Recombinant immunotargeting antigen, antibody fusions in vaccine design
Abstract (Summary)Recombinant Immunotargeting Antigen-Antibody Fusions in Vaccine Design @ 1997 by Ieremy K. Cook. Thesis submitted in confomiity with the requirements for the Degree of Doctor of Philosophy. Gnduate Department of Irnrnunology. University of Toronto Synthetic peptide vaccines offer the potential to elicit epitope-specific immune responses to the desired pathogen, without the normaliy attendant risk of infection or toxic side-effects possible with attenuated or inactivated whole organism vaccines. It is possible to choose the epitopes included in a synthetic peptide vaccine such that the immune response is focused on neutdiring epitopes, and epitopes which are not highly variable between viral suains. Thus, synthetic peptide vaccines have distinct advantages over current vaccine design approac hes. However. the successful development of synthetic peptide vaccines has been harnpered by two problerns: first. synthetic peptides are poorly immunogenic; second, antibodies directed against synthetic peptide antigens often do not cross-react with the intact protein frorn which the peptide was derived. due to poor conformational mimicry. Irnmunotargeting, in which a protein or peptide antigen is coupled to an antibody specific for celi surface molecules on professional antigen presenting cells. has been shown to be an effective way to induce adjuvant-independent antibody responses. In order to circumvrnt the shortcornings of synthetic peptide vaccine approaches, while taking advantage of their tàvounble charactenstics, a new approach to vaccine design was investigated. Recombinant immunotqeting antibody immunogens were created, in which a viral peptide antigen was inserted into the antibody . structure. Furthermore, the viral epitopes were in some instances inserted into loop regions of the antibody, in an attempt to retain the conformational characteristicsof the viral epitope. Studies using the influenza virus hemagglutinin A-loop epitope, a confomationally resvicted B ceii epitope, showed that it is possible to elicit conformation-specific antibody responses by inserting the epitope into a loop region of the antibody. This conformational epito~ insertion approach was subsequently extended to other epitopes from HIV- 1. Recombinant antibodies containing these epitopes were shown to be capable of eliciting high-titre anti-envelope HIV- 1 responses. Furthermore, the loop insertions were engineered into a V, framework region such that the immunotargeting capability of the recombinant antibody was preserved. In addition to the above constmcts, recombinant immunotargeting antibodies were constructed which possessed the potential to mediate immunotargeting to MHC class II molecules in outbred populations of many different species, using a pan-specific anti-KLA-DR antibody called 44H 1 O. HN- 1 cornbinecl T-B epitopes were hised ont0 the carboxy termini of the JJHlO heavy and light chains, and the resulting immunogens induced suong anti-HIV-1 gp 160 responses in both rabbits and macaque monkeys. Thus, the recombinant immunotargeting antibody approach to adjuvant-free immunhtion holds considenble promise as a new vaccine design option. Implications of this work are discussed.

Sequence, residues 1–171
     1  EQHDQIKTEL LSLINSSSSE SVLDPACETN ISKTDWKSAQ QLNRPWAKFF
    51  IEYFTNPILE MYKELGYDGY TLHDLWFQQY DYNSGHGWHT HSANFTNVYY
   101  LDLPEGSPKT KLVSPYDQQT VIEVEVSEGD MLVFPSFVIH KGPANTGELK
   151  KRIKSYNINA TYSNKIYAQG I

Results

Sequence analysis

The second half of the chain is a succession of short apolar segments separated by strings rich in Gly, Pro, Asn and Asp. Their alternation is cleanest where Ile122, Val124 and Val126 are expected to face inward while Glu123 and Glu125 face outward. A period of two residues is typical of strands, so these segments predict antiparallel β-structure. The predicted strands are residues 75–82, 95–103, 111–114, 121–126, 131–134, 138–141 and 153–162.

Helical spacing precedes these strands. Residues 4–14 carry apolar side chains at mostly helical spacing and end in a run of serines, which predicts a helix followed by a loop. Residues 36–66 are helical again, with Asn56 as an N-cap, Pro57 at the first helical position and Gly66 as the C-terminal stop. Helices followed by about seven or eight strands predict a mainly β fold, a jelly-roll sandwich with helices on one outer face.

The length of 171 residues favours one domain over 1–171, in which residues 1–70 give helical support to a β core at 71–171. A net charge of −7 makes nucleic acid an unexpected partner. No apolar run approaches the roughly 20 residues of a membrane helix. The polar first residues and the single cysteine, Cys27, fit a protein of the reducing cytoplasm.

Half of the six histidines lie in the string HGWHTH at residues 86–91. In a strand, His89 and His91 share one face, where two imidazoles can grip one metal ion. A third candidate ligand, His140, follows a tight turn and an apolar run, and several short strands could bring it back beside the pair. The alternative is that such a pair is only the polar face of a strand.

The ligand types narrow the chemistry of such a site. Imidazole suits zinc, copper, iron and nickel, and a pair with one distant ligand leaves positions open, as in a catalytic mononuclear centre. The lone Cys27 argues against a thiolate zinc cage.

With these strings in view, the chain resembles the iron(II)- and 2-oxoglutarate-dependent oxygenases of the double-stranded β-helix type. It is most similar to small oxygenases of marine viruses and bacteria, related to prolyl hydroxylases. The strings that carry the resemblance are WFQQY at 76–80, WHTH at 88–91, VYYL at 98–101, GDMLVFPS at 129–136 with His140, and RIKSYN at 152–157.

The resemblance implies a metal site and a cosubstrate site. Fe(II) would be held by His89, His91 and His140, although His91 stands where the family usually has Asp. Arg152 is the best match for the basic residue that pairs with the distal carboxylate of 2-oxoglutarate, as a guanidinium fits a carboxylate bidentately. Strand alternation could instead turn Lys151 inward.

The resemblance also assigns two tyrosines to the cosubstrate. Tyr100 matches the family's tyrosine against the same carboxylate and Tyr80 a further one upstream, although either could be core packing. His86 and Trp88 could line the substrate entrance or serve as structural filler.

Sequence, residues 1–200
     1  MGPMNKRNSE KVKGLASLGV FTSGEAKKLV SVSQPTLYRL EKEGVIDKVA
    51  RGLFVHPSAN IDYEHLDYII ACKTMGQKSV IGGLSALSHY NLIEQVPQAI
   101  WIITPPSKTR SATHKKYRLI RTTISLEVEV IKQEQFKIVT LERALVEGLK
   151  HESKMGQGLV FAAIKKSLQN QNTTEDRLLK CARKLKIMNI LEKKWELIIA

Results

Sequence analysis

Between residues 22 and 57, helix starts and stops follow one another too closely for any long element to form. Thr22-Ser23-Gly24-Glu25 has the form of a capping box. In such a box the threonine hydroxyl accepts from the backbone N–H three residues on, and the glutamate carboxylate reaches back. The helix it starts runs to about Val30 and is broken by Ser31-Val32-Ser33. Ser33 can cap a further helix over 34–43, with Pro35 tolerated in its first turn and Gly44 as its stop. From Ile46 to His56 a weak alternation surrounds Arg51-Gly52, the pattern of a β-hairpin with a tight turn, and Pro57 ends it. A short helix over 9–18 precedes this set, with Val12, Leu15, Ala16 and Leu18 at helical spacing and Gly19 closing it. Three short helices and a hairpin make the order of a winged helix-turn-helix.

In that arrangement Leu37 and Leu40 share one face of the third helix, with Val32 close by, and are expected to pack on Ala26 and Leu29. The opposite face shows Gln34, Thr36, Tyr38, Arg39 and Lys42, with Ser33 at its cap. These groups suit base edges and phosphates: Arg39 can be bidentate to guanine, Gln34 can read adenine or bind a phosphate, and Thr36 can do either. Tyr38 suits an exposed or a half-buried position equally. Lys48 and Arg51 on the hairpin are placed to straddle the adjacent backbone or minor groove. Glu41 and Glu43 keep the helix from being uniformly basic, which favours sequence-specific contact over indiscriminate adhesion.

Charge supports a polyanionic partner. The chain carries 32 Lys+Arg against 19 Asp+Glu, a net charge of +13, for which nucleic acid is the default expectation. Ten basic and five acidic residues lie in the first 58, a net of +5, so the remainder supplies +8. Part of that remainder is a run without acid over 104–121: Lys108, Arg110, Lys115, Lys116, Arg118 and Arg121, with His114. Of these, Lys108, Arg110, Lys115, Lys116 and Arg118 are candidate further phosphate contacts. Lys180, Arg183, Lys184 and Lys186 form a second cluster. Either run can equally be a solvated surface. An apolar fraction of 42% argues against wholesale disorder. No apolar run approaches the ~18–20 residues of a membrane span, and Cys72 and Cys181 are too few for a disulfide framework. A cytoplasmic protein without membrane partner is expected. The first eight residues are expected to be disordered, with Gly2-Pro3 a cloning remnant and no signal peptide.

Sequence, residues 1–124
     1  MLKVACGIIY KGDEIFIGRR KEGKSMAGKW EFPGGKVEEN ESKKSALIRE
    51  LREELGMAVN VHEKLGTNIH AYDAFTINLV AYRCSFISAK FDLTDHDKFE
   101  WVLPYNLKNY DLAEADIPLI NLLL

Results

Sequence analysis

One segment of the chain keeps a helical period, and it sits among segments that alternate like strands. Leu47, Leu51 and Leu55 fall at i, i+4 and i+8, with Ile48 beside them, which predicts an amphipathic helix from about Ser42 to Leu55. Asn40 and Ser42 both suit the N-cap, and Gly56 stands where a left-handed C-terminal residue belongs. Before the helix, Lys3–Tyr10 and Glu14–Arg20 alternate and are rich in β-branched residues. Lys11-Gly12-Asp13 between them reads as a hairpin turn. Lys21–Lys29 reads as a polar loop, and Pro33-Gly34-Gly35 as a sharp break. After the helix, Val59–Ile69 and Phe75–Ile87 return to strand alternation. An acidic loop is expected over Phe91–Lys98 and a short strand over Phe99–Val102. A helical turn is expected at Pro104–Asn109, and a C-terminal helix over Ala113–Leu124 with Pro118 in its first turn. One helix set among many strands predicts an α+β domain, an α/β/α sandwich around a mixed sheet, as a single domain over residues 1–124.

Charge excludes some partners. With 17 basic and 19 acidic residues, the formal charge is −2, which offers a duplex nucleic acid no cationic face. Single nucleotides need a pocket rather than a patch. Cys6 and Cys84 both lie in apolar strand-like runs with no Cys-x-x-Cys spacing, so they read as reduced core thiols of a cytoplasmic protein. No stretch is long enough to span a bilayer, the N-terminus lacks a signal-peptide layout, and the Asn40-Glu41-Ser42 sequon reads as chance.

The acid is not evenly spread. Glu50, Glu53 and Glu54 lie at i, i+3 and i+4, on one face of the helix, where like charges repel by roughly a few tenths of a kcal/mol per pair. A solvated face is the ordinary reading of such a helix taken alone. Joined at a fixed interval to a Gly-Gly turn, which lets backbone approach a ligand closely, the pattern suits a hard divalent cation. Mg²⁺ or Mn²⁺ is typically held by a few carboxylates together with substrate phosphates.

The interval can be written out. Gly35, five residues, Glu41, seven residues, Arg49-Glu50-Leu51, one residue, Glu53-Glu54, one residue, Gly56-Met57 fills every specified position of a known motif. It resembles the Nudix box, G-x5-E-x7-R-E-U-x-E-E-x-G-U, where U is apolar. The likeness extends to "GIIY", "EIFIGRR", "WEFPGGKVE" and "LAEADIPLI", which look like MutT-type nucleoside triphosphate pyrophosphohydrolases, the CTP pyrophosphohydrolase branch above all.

Source Type:Master's Thesis
Date of Publication:01/01/1998